by Tom Gatch, photos by Lynn Gatch
Punta Banda is a narrow, mostly barren, finger of land that pokes out into the Pacific Ocean at the southern end of Bahia Todos Santos near the City of Ensenada. Standing not far from the tip, bus loads of bug-eyed tourists regularly stare out at the myriad of sharp, guano-covered outcroppings as they munch on fish tacos and wait for the next influx of water to surge through the legendary blowhole, then spurt up in the air and dissolve into a fine, cool mist.
Shack-like concession stands line the end of the road leading to “La Bufadora.” Eager vendors offer visitors everything from the usual array of curios, plaster deities, and metal sculptures to humble preparations of shellfish, or fried seafood. Some of the other residents are fishermen, or charter skiff operators who make a good portion of their income catering to the needs of American anglers and scuba divers that come to this special hideaway to take advantage of the abundant marine life that still exists in the waters surrounding the rugged peninsula and its many hidden coves.
The hand of nature has carefully scooped a beautiful crescent shaped bay from the land just south of the blowhole, providing a nearly perfect anchorage that is protected from the northern wind and swells. On a calm day, the waters around La Bufadora turn Mediterraneanwith cool, clear turquoise hues that anoint the eyes of the weary. Weekend and retirement cottages are interspersed with the austere, tack-board houses of less affluent local residents.
The grandiose dream of a seaside hacienda stagnates as unfinished masonry sits on a neglected lot filled with scattered stones and chunks of hard, dried mortar. Many of the homes are situated on a sloping bluff above the ocean, crowned by small windmills and black solar panels that help the frugal residents fully utilize the area’s natural amenities. The earth behind the little sea colony quickly rises several hundred feet to form a huge, dusty brown hill from which the marvels of many miles of wild coastline can be observed. To the east, the hill provides an unobstructed view of the massive Sierra Juarez that stands as a barrier between Ensenada and the Sea of Cortez.
Years ago, the road out to the end of Punta Banda consisted of little more than graded stones, and was challenged mainly by those who were lured by visions of scallops, abalone, and huge fish. Standing on the hill today, it is apparent that the well-traveled, twisting line of neglected asphalt, which feeds La Bufadora’s tourist industry, has done little to affect the overall feel of the surrounding landscape. Over time, a few colonies of neo-pioneers have settled in the area, but they have been unable to totally dominate the wildness that encircles them. Copious numbers of quail, rabbits and rattlesnakes still blend into the rough chaparral, as the skies are patrolled by soaring Red tail hawks in search of a quick meal.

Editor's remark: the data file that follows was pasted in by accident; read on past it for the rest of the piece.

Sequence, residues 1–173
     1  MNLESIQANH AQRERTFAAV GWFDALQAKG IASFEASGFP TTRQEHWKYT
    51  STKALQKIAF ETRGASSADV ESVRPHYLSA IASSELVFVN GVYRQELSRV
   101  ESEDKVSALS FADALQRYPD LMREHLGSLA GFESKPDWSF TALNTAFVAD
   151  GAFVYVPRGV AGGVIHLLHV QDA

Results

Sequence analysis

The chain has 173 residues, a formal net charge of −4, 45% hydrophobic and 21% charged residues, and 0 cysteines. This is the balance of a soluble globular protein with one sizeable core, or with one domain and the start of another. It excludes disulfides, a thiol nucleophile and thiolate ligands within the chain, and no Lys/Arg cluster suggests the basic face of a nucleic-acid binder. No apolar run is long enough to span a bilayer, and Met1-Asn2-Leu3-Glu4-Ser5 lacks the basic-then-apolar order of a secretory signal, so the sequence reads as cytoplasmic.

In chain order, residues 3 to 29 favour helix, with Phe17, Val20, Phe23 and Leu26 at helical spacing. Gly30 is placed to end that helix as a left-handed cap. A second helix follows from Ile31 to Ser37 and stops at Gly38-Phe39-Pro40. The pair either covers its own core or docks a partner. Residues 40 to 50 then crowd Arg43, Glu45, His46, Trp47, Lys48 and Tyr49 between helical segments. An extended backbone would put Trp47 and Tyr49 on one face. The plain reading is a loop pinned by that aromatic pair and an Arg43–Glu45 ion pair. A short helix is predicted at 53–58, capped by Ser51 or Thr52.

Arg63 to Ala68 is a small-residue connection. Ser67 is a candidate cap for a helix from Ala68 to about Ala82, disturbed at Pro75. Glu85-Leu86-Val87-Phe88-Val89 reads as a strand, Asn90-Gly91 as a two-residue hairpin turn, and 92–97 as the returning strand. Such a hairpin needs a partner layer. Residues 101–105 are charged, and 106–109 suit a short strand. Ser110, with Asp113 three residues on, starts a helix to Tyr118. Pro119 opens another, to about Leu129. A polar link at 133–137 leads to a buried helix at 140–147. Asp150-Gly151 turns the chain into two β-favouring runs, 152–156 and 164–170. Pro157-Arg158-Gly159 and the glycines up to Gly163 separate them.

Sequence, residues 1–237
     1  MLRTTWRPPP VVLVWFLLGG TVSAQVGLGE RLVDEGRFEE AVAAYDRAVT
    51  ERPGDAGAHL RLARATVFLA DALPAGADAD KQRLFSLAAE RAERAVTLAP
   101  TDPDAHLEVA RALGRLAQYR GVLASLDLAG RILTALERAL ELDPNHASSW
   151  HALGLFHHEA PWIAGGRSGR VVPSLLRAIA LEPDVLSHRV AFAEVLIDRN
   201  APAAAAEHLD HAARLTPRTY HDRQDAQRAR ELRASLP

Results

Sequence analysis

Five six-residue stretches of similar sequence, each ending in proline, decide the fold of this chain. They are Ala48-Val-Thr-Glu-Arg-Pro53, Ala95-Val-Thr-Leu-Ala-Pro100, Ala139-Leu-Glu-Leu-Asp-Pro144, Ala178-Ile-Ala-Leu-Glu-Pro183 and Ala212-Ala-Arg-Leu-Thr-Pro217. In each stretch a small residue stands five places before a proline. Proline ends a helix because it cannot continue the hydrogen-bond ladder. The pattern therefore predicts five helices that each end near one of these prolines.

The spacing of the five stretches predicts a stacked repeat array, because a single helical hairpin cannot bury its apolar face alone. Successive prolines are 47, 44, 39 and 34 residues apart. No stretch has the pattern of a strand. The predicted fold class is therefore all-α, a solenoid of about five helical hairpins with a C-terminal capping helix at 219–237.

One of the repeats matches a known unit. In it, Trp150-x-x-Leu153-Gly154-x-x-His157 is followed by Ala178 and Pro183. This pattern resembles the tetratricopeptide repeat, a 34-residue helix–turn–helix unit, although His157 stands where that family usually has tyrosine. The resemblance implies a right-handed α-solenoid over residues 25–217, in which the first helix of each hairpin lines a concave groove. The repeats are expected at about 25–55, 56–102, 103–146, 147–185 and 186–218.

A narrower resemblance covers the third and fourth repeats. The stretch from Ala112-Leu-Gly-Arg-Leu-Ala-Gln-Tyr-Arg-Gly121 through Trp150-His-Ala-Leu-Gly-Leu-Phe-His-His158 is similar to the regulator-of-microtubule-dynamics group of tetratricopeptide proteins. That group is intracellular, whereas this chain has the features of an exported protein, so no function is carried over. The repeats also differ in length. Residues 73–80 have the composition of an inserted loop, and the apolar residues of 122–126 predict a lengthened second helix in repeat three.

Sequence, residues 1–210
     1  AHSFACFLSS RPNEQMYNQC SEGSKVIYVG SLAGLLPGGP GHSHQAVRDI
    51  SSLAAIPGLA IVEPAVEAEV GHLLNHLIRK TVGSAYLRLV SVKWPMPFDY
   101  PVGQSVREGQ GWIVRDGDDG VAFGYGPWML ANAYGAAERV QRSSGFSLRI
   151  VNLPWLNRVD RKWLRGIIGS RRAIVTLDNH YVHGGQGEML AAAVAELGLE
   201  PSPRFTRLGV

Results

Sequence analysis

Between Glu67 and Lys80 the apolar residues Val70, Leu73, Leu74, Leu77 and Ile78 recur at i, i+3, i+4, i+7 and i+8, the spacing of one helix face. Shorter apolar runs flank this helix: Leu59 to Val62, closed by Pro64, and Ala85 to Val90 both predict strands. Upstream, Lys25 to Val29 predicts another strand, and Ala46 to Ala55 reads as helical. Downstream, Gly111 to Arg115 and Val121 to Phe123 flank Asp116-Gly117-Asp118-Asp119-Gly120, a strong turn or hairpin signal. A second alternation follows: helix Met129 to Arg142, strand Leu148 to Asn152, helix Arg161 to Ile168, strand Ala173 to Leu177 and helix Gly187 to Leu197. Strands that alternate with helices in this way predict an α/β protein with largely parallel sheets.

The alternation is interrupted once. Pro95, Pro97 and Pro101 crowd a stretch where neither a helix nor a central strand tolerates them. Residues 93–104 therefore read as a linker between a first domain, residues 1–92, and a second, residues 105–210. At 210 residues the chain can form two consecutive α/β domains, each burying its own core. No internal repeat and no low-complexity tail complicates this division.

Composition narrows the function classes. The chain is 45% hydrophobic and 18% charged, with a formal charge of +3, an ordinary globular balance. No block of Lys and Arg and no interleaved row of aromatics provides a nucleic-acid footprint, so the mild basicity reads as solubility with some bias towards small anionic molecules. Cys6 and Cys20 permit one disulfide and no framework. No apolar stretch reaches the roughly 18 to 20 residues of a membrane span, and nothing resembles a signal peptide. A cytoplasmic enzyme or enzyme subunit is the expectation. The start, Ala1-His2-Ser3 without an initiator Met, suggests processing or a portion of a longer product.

The two-legged mammals that live on Punta Banda are generally sturdy, fiercely independent nonconformists who are refugees from the eternal battle between those who like to be told what to do, and those who don’t.
There are many course gravel roads that wind their way through the dry brush, over mounds of dust, and then disappear into unseen depressions; paths that often lead to a dead end when they meet with a thick wall of sagebrush and cactus. The bold, thrusting lances of flowering yucca plants stand in stark, solitary challenge to the brilliant blue canopy above them. When the sun hangs at a certain point in the westerly afternoon sky, the surface of the ocean seems to erupt into a sparkling carpet of diamonds, which fills the fortunate onlooker with a feeling of untold wealth.
In spring and early summer the hillsides are often smeared with a mustard yellow hue from scores of small wildflowers that bloom as brightly in the sunshine as if they were freshly wiped from the brush of Van Gogh. The broad, stretching arms of a variety of succulent cacti bake in the midday heat, their moist, fleshy insides protected by many thorny soldiers that are ready to offer acute pain to any intruder foolish enough to encroach upon their domain. It is hard to believe that the stressful overcrowding and traffic gridlock of Los Angeles,California, lies just over a hundred miles to the north of this magical hideaway…but that is an eternity away from here.
Up on the hill, the breeze blows freely through your hair. The pelicans dive into the ocean for their breakfast, and all the creatures of the sea and land are filled with a wild lusting for life. It is a life that is sometimes violent and cruel, but devoid of the many entanglements related to modern, human society.
It is a more primitive but, somehow, more credible world.
How to get to this magical hideaway? Follow the Transpeninsular Highway, though Ensenada, past Meaneadero, and past Baja Country Club. There will be a fork in the road, and a sign pointing right to La Bufadora. Just following this road that curves with the bay, and runs along the base of the foothills. From the turn-off, expect another 15-20 minute drive to get to Punta Banda and La Bufadora.
What to expect when you get to Punta Banda? Nature, and the authentic feel of Baja. Wetlands and estuary surround you, as do fun beach restaurants (like Sharkeys and Juniors). Organic farms and stands selling honey and olives are everywhere.
Hooked on Baja author & columnist, Tom Gatch, is one of Baja’s foremost writers with a focus upon outdoor and recreational topics in Baja and southern California. He and his wife Lynn live in the Punta Banda area.
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